Documentary portrait of Carl Boenish, the father of the BASE jumping movement, whose early passion for skydiving led him to ever more spectacular -and dangerous- feats of foot-launched human flight.
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A look at one of the most exclusive holiday destinations in the world – Necker Island. This reveals how the rich holiday, and what it’s like for the staff who serve them. For the first time viewers are given an in-depth, behind-the-scenes look at one of the most exclusive holiday destinations in the world – Necker Island. This film is an intimate portrait of how the rich, powerful and famous holiday, and what it’s like for the staff who serve them. It’s an upstairs-downstairs world where nearly 100 staff cater to just 30 guests – where some have over a staggering £40,000 a night to experience the perfect island paradise. And while Necker is home to Sir Richard Branson and his family, it is also a serious commercial venture. Meeting the needs of these VIPs are the staff of British, European and local islanders. It may seem that they’ve landed the dream job working in paradise, however the realities of living in the middle of the Caribbean Sea bring a whole host of major challenges.
Juninho, Menor, Neguinho, Adilson and Eldo are young residents of the Bairro Nacional, outskirts of Contagem, in Minas Gerais, Brazil. Divided between work and fun, crime and hope, each will have to find ways of overcoming difficulties and taming the tiger inside their veins.
A biopic drama-documentary about the ‘King of Pop’, that mixes real footage and new interviews with people around him (most notably his mother Katherine Jackson) with re-enactments of times of Michael’s life until his untimely death on the 25th of June in 2009.
During the time of the Stolen Generations, thousands upon thousands of Aboriginal girls were taken from their families and pressed into domestic servitude by the Australian Government. They were supposedly employed as servants, but with total control over their movements, wages and living conditions, their lives all too frequently became an inescapable cycle of abuse, rape and enslavement, with consequences that echo powerfully to this day. Recounting the stories of five of these women – Rita, Violet and the three Wenberg sisters – Servant or Slave is a commanding piece of first-person testimony to a dark and unacknowledged corner of Australian history. Shot with admirable craft and humanity by documentarian Steven McGregor (Croker Island Exodus, MIFF 2012), Servant or Slave is a work of great sadness and urgency, bringing to forceful life the human tragedy of Australia’s Indigenous history in the unadorned words of those who lived it.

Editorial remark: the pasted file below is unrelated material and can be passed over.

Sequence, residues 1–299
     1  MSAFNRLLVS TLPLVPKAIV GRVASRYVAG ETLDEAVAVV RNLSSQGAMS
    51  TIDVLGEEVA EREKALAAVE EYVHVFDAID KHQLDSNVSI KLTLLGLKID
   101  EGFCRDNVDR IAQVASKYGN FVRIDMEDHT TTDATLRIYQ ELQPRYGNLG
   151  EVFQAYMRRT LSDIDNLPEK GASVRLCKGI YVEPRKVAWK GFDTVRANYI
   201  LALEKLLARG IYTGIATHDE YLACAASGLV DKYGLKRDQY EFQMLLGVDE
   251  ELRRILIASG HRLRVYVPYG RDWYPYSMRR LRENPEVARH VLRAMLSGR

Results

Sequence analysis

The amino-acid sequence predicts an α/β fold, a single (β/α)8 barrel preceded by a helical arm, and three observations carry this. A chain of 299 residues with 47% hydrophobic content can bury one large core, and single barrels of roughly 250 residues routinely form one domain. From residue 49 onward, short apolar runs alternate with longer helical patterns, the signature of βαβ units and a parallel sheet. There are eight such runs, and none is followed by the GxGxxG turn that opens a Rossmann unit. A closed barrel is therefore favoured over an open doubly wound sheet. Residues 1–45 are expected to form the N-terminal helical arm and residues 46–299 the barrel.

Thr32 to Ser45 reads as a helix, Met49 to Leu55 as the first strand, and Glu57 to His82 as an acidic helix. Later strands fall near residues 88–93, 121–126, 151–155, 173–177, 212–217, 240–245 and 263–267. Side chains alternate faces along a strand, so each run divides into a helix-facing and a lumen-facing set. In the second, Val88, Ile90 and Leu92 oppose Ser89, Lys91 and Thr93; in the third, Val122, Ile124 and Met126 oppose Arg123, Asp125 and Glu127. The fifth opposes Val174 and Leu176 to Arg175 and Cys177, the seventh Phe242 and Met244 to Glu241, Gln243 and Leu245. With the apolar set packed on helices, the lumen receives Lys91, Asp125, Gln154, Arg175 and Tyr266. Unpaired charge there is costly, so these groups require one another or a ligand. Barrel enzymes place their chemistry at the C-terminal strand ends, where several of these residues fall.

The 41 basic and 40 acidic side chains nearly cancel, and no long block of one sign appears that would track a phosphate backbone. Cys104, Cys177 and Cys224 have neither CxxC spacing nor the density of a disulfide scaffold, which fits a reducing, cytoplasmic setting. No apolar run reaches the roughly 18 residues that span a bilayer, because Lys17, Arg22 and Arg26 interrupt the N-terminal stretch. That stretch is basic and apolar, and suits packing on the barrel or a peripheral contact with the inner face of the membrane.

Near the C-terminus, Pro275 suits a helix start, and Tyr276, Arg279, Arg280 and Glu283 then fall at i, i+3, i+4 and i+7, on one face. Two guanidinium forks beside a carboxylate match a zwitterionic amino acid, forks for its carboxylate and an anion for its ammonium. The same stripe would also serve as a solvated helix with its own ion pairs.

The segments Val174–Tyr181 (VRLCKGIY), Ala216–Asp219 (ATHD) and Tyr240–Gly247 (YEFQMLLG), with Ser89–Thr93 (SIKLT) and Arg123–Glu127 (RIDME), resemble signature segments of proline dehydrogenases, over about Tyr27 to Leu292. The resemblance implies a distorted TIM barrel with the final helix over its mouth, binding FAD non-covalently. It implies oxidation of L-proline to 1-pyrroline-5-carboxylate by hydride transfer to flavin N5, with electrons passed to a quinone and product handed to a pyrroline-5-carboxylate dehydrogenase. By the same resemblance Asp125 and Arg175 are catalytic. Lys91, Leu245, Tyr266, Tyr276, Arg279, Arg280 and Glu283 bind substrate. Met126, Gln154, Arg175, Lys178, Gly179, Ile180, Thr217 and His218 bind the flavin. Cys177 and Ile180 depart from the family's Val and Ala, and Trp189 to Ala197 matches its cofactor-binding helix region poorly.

Actor and writer Mark Gatiss embarks on a chilling journey through European horror cinema, from the silent nightmares of German Expressionism in the 1920s to the Belgian lesbian vampires in the 1970s, from the black-gloved killers of Italian bloody giallo cinema to the ghosts of the Spanish Civil War, and finally reveals how Europe’s turbulent 20th century forged its ground-breaking horror tradition.
In Drew Xanthopoulos’ intimate and cinematic documentary, we meet Joe, a patriarch whose affliction is so all-encompassing that he’s indifferent to his long-suffering wife; and twin brothers Sam and Nathan, musicians who are no longer able to breathe outside of their real-life sterile “plastic bubble,” and whose mother, Karen, developed her illness when she was only 17. These characters all suffer from debilitating sensitivities to their environment. Whether from ambient chemicals, genetics, electricity, or even psychogenic reasons, the cause is not clear, but the reality of the effects on these individuals is undeniable. Fortunately, Susie Molloy, a quiet firebrand who is chemically sensitive herself, seeks to help. In her, those afflicted by this modern malady have found an advocate whose mission is to de-stigmatize this community, and in telling their stories, Xanthopoulos has crafted a film itself as deeply sensitive as its title suggests. Cara Cusumano
Pensioners, lawyers, married couples and teenagers are all customers at the Angel Love Hotel in Osaka Japan. With unprecedented access into one of the most private and anonymous spaces in Japanese society, this film follows the love hotel’s struggling manager and staff as the try to keep their hotel running, as well as revealing the intimate and private lives of the customers who visit.